- Initial Enrollment Period: This is a 7-month window that starts three months before you turn 65, continues through your birthday month, and then for three months afterward. During this time, you can enroll in Medicare Part A or Part B, enroll in a Medicare Advantage Plan, or enroll in a Part D stand-alone prescription drug plan.
- General Enrollment Period: This period occurs every year from January 1 to March 31 and allows you to sign up for Medicare Part A or B if you didn’t sign up during your initial enrollment period and you don’t qualify for a special enrollment period (SEP). Coverage for applications made during general enrollment starts July 1.
- Annual Enrollment Period: This period lets you make changes to your existing Medicare plan from October 15 to December 7 each year. You can switch to or from Original Medicare or Medicare Advantage plans, join or drop a prescription drug plan, or change your current insurer. Any changes take effect on January 1.
- Special Enrollment Period: This period lets you enroll in Part B outside of other standard enrollment periods without incurring a penalty. To be eligible, you must have employer-provided health coverage in the first month you are eligible for Part B. The Part B SEP is triggered when your employer-provided health coverage ends and lasts for 8 months.
Are There Reasons to Not Enroll in Medicare Part B?
You may have existing coverage through your employer that is more cost-effective than paying the Part B premiums, coinsurance, and deductibles, making it better to not enroll in Medicare Part B just yet. While you can generally apply for Medicare Part B once you’re 65, you may also choose to opt for private insurance rather than Part B even after retirement. However, remember that you may pay a permanent late enrollment penalty if you change your mind later.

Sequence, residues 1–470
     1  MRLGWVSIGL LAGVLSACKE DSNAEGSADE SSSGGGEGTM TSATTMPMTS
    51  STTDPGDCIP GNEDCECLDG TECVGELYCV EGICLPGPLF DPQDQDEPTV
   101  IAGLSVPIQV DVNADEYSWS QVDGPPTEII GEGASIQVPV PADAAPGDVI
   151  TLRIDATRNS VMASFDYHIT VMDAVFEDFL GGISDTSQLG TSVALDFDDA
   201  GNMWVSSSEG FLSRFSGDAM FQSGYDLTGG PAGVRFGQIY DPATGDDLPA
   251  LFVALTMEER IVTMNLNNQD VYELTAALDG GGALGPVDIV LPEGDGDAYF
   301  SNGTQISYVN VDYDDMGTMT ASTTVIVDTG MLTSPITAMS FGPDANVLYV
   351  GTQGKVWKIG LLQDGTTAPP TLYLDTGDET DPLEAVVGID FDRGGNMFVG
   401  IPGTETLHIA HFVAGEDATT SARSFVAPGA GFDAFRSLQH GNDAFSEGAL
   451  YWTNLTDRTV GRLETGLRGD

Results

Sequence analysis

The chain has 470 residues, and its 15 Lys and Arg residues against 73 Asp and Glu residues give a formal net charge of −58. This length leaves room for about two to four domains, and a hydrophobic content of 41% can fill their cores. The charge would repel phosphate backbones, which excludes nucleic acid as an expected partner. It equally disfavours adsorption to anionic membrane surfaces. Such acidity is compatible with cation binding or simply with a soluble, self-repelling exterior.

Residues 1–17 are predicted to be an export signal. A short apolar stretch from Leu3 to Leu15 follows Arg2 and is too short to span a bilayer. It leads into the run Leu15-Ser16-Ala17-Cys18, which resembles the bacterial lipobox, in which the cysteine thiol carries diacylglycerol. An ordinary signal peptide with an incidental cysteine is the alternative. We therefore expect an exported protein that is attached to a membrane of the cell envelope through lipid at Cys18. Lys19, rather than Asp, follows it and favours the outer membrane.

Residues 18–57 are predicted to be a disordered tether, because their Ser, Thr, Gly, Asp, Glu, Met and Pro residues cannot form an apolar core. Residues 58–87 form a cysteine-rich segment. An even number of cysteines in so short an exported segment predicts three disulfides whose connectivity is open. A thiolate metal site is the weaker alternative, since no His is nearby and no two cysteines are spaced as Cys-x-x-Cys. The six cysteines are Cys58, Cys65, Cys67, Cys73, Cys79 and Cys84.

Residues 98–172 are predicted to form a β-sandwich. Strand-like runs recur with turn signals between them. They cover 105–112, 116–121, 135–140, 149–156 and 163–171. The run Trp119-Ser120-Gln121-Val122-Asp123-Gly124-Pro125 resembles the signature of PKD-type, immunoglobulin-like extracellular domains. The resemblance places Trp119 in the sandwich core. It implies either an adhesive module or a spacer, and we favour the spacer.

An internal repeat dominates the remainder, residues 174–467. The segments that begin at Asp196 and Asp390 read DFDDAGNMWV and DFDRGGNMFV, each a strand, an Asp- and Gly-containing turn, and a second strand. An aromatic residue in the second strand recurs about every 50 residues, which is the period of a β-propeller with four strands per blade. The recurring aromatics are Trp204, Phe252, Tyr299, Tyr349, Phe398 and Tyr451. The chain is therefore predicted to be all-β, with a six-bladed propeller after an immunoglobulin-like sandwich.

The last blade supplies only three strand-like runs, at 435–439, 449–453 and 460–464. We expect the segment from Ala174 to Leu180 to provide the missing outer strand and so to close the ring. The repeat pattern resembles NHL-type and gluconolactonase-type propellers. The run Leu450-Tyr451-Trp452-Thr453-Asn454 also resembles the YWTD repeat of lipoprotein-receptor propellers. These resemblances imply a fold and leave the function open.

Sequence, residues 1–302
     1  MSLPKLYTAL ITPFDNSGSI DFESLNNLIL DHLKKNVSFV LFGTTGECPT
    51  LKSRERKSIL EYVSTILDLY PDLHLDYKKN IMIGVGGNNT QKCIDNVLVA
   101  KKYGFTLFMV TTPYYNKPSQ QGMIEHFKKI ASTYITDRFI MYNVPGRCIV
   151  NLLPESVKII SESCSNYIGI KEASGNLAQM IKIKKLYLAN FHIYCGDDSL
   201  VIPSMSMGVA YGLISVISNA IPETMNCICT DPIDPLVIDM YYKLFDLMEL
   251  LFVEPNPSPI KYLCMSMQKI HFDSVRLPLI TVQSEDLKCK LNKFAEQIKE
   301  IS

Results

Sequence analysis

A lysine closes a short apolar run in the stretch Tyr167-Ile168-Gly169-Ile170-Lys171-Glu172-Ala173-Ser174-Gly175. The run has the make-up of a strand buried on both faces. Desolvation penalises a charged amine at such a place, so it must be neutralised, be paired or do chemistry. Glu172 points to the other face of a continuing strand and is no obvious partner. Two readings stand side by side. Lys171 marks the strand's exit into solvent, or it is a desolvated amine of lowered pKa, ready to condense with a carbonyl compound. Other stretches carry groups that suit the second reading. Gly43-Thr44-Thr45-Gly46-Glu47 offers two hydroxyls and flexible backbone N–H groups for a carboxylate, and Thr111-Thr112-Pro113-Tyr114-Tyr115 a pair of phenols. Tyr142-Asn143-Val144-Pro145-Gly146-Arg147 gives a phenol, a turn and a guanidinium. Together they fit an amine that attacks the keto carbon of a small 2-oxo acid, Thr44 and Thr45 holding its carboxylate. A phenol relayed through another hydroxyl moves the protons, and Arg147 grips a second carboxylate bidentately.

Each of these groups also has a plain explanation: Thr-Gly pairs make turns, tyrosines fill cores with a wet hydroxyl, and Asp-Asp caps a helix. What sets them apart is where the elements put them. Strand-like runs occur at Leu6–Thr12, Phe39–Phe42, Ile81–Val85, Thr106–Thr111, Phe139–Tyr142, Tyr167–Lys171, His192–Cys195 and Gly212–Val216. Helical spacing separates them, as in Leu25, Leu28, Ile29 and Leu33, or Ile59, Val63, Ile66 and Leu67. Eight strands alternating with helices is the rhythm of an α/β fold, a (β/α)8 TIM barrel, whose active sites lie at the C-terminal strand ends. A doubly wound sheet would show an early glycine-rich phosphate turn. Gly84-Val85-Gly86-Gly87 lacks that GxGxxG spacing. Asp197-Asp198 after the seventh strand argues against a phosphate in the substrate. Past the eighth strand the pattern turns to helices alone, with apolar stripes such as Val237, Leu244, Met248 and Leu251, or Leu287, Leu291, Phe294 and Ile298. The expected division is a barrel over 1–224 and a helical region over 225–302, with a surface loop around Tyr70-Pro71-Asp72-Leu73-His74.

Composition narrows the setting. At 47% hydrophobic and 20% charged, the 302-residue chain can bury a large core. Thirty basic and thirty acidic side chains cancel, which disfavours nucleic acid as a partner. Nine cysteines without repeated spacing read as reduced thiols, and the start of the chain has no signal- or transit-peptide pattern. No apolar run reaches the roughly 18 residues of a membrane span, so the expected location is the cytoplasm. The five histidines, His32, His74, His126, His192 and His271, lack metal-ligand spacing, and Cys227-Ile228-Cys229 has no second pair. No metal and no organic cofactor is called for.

How to Delay Part B Enrollment
Enrollment in Medicare Part B is optional. If you choose to delay your application, you could face a permanent penalty based on the number of consecutive 12-month periods where you were eligible for Part B but did not enroll.
However, if you currently have a job that provides coverage or are covered by similar insurance through your spouse’s job, you may be able to delay without facing enrollment penalties later due to the SEP that kicks in after employer-sponsored coverage ends.
How to Apply for Medicare Part B
If you’re looking to apply for Medicare Parts A and B, you can apply online at Social Security, call 1-800-772-1213, or contact your local Social Security office.
If you already have Part A and want to add Part B, you can call or make an in-person appointment with your local Social Security office. You could also fill out Form CMS-40B and mail or fax it to your local Social Security office to apply.
Bear in mind that because of the COVID-19 pandemic, your local Social Security office may not be allowing in-person enrollment at this time.